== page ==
In the film, Jon Gries (Napoleon Dynamite) plays Lazlo Hollyfeld, a reclusive genius from before Chris and Mitch’s time who lives in a bunker beneath their dorm creating entries to a contest with no restrictions where he eventually wins more than 30 percent of the prizes. In 1969, students from Caltech tried a similar tactic with Frito-Lay to game the odds. But in 1975, three computer programmers used an IBM to generate 1.2 million entries in a contest for McDonald’s, where they received 20 percent of the prizes (and a lot of complaints from customers) for their effort.

8. One of Real Genius's cast members went on to write another tribute to nerds a decade later.

Dean Devlin, who co-wrote Stargate and Independence Day with Roland Emmerich, plays Milton, another student at Pacific Tech who experiences a memorable meltdown in the rush up to finals.

9. The popcorn gag that ends Real Genius isn’t really possible, but they used real popcorn to simulate it.

At the end of the film, Chris and Mitch build a giant Jiffy Pop pack that the laser unleashes after they redirect its targeting system. The resulting popcorn fills Professor Hathaway’s house as an act of revenge. MythBusters took pains to recreate this gag in a number of ways, but quickly discovered that it wouldn’t work; even at scale, the popcorn just burns in the heat of a laser.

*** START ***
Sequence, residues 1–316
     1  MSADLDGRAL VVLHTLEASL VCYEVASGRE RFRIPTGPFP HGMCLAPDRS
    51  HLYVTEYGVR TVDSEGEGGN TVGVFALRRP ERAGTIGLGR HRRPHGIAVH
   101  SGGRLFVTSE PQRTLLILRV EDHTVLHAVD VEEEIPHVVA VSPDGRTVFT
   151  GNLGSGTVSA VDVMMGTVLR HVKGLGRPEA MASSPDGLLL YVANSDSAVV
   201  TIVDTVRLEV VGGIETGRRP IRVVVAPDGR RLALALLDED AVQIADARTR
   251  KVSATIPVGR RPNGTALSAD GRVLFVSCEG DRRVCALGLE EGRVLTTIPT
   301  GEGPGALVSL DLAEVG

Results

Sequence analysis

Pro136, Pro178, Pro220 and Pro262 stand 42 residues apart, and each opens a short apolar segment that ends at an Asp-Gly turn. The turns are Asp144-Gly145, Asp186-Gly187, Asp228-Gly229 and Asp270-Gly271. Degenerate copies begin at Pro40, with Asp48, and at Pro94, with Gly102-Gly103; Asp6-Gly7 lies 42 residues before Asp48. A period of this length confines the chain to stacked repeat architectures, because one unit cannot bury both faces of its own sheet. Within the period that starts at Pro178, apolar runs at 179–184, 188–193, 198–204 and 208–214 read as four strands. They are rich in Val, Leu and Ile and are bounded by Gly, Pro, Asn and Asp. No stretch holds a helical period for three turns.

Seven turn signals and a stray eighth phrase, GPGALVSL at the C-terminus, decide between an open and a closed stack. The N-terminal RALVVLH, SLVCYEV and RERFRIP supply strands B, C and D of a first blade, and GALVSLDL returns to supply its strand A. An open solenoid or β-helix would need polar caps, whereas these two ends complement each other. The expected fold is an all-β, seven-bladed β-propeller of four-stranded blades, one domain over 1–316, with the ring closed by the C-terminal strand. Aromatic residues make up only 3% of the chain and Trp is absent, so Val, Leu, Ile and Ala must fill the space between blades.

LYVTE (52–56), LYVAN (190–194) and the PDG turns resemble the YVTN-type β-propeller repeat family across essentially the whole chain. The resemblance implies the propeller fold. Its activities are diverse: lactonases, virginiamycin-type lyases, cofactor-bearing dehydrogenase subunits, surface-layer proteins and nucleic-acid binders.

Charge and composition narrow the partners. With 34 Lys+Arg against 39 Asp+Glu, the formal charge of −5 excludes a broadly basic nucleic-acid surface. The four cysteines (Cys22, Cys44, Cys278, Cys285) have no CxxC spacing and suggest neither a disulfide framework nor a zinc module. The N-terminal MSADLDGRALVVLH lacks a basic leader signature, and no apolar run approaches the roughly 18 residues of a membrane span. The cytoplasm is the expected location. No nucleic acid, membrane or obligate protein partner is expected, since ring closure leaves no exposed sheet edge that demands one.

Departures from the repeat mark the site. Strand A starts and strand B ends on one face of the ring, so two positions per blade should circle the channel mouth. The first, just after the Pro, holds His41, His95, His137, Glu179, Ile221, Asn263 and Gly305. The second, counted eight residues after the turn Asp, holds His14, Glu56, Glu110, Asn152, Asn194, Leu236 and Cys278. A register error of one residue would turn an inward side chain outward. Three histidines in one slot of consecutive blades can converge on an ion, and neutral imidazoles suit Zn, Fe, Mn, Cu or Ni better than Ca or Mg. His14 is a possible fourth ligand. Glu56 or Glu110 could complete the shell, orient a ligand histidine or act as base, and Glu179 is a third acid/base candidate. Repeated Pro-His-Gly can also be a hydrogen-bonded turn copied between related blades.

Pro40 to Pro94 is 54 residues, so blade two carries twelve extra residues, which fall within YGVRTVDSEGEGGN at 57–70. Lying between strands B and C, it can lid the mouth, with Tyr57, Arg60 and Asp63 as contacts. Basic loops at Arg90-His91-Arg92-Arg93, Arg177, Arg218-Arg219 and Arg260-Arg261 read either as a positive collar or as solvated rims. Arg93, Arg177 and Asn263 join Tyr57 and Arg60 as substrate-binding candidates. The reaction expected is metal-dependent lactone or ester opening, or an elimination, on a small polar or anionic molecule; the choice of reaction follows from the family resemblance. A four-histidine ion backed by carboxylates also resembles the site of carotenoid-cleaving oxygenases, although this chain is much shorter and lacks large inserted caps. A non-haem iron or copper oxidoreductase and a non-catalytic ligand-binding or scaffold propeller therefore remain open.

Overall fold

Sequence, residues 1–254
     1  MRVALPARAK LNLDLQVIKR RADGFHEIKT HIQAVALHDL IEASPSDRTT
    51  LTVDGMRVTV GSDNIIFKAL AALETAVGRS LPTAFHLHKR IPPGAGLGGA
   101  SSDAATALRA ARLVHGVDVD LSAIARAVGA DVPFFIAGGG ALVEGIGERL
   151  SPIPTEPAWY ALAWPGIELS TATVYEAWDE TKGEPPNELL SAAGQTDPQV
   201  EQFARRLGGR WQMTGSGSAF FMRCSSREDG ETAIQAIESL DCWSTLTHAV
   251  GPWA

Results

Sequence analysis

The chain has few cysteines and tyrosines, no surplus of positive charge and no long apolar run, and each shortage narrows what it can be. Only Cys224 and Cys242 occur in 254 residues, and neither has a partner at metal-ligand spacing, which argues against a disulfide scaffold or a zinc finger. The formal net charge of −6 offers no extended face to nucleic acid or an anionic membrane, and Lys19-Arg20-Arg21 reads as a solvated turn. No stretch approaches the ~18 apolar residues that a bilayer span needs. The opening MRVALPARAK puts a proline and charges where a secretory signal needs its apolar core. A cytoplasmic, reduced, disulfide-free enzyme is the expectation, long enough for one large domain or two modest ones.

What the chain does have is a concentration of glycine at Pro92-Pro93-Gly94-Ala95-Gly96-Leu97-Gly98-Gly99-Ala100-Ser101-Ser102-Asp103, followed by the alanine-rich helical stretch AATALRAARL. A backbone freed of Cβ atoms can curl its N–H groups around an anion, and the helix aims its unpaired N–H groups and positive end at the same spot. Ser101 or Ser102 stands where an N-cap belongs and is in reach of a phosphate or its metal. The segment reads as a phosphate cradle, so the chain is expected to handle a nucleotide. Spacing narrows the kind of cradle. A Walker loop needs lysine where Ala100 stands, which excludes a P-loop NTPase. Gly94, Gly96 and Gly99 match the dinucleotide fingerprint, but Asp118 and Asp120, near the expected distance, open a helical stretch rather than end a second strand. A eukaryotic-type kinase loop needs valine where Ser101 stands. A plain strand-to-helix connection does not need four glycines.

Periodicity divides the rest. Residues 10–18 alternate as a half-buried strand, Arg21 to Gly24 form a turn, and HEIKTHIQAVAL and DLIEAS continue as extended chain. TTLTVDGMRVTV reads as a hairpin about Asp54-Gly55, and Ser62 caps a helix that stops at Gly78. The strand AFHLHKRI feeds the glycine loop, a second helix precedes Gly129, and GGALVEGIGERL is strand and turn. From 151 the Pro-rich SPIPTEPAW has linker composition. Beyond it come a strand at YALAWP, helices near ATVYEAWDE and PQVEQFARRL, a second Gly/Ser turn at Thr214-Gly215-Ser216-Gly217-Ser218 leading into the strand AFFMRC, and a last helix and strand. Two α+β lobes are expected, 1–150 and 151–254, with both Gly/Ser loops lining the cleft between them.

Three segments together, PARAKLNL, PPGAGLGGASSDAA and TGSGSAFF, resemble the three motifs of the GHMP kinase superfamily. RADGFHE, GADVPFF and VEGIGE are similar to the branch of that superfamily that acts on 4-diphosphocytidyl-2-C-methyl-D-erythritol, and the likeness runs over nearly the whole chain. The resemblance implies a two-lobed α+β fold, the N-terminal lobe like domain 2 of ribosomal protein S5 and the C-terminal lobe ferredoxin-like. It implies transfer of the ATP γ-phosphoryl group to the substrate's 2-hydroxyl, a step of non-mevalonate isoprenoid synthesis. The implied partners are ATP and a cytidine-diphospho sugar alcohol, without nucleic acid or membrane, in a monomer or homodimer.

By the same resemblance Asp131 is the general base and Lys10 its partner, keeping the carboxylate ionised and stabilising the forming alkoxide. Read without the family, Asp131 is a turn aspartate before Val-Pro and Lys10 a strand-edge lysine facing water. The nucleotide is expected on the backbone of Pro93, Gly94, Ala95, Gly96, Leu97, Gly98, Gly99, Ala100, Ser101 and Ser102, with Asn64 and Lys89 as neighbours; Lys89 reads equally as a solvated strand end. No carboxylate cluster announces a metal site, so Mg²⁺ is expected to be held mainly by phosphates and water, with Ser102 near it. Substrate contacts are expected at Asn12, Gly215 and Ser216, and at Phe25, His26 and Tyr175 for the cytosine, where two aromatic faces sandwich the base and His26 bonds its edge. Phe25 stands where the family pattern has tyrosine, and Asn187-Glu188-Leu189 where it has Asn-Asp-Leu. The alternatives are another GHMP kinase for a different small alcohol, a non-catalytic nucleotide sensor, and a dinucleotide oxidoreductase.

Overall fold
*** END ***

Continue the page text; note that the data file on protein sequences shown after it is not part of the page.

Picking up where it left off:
To pull off the scene in the film, Coolidge said that the production had people popping corn for six weeks of filming in order to get enough for the finale. After that, they had to build a house that they could manipulate with hydraulics so that the popcorn would “explode” out of every doorway and window.

10. Real Genius was the first movie to be promoted on the internet.

A week before Real Genius opened, promoters set up a press conference at a computer store in Westwood, California. Coolidge and members of the cast appeared to field questions from press from across the country—connected via CompuServe. Though the experience was evidently marred by technical problems (this was the mid-1980s, after all), the event marked the debut of what became the online roundtable junket.